Annually on 8 March thousands of events are held throughout the world to inspire women and celebrate achievements as part of International Women's Day. The activities are rich and varied and connect women all around the world. This year's events will include political rallies, business conferences, and networking events through to local women's craft markets, theatre performances, fashion shows and more.
Since International Women's Day was first celebrated at the beginning of the last century it has grown to include businesses, communities, political parties and pressure groups as well as education providers. The world of further education (FE) is no exception in that it truly supports this important calendar date, and the vision that is behind it. This includes a call to action to do your bit to ensure that the future for girls is bright, equal, safe and rewarding.
This vision can look very different in various areas of the globe, but here in the UK the 8 March is a great opportunity to reflect on some of the great female role models that we have in sectors as varied as business, the arts, politics and sport. Whilst we might all know Jessica Ennis and Martha Lane Fox there are many other women who encapsulate and celebrate what it means to be female in 2013.
In fact one of the most rewarding parts of my job is hearing first-hand inspiring stories from learners of all ages that have benefitted from FE. I especially relate to the many girls and women who tell me how they have progressed in work and in life, thanks to the FE and skills courses and qualifications they have undertaken. These stories are backed up by recent research from the Department for Business, Innovation and Skills that showed the significant economic benefits associated with undertaking learning and training: more than a quarter (29%) of female learners indicated they had got a better job and 12% said they had received a promotion.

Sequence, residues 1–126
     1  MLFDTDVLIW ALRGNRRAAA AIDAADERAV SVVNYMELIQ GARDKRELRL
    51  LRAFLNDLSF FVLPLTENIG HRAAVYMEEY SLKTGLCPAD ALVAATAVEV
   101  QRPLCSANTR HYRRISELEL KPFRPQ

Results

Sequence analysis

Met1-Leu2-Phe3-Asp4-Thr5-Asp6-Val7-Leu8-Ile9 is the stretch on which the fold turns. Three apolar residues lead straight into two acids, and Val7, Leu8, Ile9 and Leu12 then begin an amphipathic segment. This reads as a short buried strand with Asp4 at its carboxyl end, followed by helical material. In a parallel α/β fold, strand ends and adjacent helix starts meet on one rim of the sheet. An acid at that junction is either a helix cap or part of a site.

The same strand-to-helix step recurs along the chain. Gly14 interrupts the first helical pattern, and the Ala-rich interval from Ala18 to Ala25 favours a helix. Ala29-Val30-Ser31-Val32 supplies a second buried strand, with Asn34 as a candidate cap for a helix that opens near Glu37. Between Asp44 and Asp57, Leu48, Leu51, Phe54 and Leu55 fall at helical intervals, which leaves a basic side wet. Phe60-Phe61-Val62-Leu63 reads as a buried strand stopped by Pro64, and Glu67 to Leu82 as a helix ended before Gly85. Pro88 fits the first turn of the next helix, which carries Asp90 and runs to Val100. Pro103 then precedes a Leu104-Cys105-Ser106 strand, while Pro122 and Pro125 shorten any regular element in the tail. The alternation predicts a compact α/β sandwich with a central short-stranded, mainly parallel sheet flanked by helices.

I also hear from a number of self-employed workers, who have used their newfound skills and confidence to strike out on their own, making a vital contribution to our economy both locally, but also nationally. According to the Office for National Statistics the numbers of self-employed people has risen by 367,000 in the last four years, mostly since 2011, with women accounting for 80% of the rise between 2008 and 2011.
One of these entrepreneurs is Debbie Jones. Debbie worked for Woolworths for over 30 years, but lost her job when the national retailer ceased to trade. Debbie decided to view this enforced change as an opportunity, returning to college to study for a plumbing qualification before setting up her own business. Her company - The Plumbher - is thriving and whilst the experience has been challenging Debbie herself reflected that whilst she may have questioned her own capability at times, with help and support from the qualified FE staff and through her own determination she learnt never to give up.
Another person putting a human face to these figures is Lucy Gowar. Lucy was inspired to turn a hobby - flower arranging - into a career after she started selling her home grown posies of cottage garden flowers to local farm shops. To improve her floristry skills, and gain business training, Lucy enrolled on a course at her local college. Now trading in Stogumber, Somerset, Lucy's business specialises in locally grown, seasonally available flowers, which not only offers Lucy a sustainable future but also a clear USP when compared with other florists who airfreight in their blooms.
For all of us on 8 March Debbie and Lucy's focus, positivity and purpose is an inspiration and I'm so proud that she, and many other fabulous females just like her, are part of our FE story.Suggest a correction